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Legislative Assembly for the ACT: 2018 Week 09 Hansard (Thursday, 23 August 2018) . . Page.. 3525 ..

ACT Health is clearly struggling to implement the restructure. There is one month to go until the restructure starts, and we still do not know which staff will be part of which directorate and which will be part of Canberra hospital and health services. The Chief Minister claims that he took the decision based on his control of administrative orders, but there was no change to administrative orders on 15 March. We will see what is revealed when the minister makes the forthcoming changes to administrative orders. The control of administrative orders does give the Chief Minister power to hire and fire—that is true—but it also comes with a responsibility to make informed decisions based on the issues before us.

We have an executive which is quite beholden to the Chief Minister. The Chief Minister calls the shots. That is quite clear because of the decisions in relation to the split-up of the Health structure. This means that the ACT executive is becoming increasingly arrogant.

The timing of the Health restructure shows a complete lack of concern for the welfare of people at the hospital. It was agreed to at about the time that the auditors came through for the accreditation. It meant that they lost their chief executive. The chief executive was not available during the time of the Health accreditation. This left staff quite at sea and at a loss to understand why their chief executive was not available during the accreditation. This is clearly reflected in the documents provided in the FOI request. At the initial consultation over the split, this was a constant item of discussion amongst the staff: “Why were we left high and dry without a chief executive during the accreditation process?” That might to some extent explain why there were 33 fails in the accreditation. It put our accreditation at risk.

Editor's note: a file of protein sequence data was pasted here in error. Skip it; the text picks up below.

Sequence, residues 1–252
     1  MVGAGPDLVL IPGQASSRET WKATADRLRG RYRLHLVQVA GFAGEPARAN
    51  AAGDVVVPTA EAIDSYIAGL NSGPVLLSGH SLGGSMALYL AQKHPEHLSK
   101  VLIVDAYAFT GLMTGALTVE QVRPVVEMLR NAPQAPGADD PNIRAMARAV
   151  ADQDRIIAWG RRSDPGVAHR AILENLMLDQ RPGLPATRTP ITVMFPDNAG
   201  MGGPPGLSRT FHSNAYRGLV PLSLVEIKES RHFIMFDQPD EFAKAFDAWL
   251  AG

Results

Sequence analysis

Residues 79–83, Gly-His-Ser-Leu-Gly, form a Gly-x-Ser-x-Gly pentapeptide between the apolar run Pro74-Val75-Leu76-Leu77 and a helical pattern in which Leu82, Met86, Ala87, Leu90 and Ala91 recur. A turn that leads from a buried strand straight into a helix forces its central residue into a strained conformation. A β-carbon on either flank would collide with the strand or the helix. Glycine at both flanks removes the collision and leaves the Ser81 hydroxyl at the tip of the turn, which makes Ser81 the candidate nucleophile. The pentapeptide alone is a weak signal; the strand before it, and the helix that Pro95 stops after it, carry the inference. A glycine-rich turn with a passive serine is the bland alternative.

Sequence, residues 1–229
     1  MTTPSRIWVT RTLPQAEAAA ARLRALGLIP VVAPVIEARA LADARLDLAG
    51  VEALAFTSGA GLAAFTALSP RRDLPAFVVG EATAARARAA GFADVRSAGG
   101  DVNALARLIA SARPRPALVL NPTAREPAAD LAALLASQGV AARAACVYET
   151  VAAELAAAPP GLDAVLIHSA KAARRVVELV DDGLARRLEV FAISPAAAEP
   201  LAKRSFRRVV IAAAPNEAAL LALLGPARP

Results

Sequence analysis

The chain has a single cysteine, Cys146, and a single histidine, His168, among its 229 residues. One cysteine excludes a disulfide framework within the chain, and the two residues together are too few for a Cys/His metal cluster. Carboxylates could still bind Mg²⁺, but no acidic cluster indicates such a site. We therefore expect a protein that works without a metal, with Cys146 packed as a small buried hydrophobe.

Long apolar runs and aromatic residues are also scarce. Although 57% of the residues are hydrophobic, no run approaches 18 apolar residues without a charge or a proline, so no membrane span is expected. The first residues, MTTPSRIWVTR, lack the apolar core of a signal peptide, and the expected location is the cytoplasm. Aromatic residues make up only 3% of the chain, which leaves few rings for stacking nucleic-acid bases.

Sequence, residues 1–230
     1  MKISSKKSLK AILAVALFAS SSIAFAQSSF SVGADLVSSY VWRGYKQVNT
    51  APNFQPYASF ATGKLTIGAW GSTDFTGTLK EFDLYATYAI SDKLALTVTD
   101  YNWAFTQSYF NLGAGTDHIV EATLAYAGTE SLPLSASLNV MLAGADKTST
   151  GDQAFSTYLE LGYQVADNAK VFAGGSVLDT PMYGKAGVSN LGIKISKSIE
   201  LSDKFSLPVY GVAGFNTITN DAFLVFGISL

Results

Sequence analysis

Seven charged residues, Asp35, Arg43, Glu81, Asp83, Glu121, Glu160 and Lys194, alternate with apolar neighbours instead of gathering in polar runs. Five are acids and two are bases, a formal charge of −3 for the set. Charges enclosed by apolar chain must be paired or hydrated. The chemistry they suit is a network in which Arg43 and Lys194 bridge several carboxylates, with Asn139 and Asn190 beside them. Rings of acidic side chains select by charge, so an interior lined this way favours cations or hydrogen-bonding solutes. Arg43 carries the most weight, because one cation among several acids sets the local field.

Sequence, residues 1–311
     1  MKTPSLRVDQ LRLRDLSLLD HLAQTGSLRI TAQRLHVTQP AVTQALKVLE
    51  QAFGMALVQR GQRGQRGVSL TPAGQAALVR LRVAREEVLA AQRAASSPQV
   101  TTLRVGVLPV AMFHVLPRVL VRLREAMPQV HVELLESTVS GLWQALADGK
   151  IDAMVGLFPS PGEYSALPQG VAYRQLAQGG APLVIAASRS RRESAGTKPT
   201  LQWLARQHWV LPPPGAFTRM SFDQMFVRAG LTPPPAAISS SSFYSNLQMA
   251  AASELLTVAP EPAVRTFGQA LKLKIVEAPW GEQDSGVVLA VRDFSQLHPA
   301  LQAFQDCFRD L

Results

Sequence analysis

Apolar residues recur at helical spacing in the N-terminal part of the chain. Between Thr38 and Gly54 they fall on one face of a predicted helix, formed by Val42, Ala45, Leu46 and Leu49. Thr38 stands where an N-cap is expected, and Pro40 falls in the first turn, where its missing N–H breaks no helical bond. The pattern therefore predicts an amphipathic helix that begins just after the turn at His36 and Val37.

I have to reflect on the Chief Minister’s priorities and the priorities of this government. As Mr Barr has made quite clear with his “I hate journalists” comments, he wants to have a new approach to media in the ACT. It is interesting that at the same time we have a highly tuned media machine that supports the executive. Given the number of media and communications people across the directorates, it is our estimation that taxpayers pay about $10 million a year in public relations and communications staff. Last week, for instance, the minister who hates journalists and thinks that conventional media is outdated spent taxpayers’ money to speak—

Ms Cheyne: Oh—

MRS DUNNE: You will have your turn if you want it. This is a chamber where I think we have freedom of speech. There was a great deal of talk about freedom of speech just recently.

Ms Cheyne: You tell me, Mrs Dunne.

MRS DUNNE: If Ms Cheyne is tired, she can leave or she can just wait her turn.

It was interesting that although the Chief Minister derides conventional media, he was prepared to spend taxpayers’ money last week to speak to senators about an issue that he held dearly. The money could have been more effectively spent on lobbying than a

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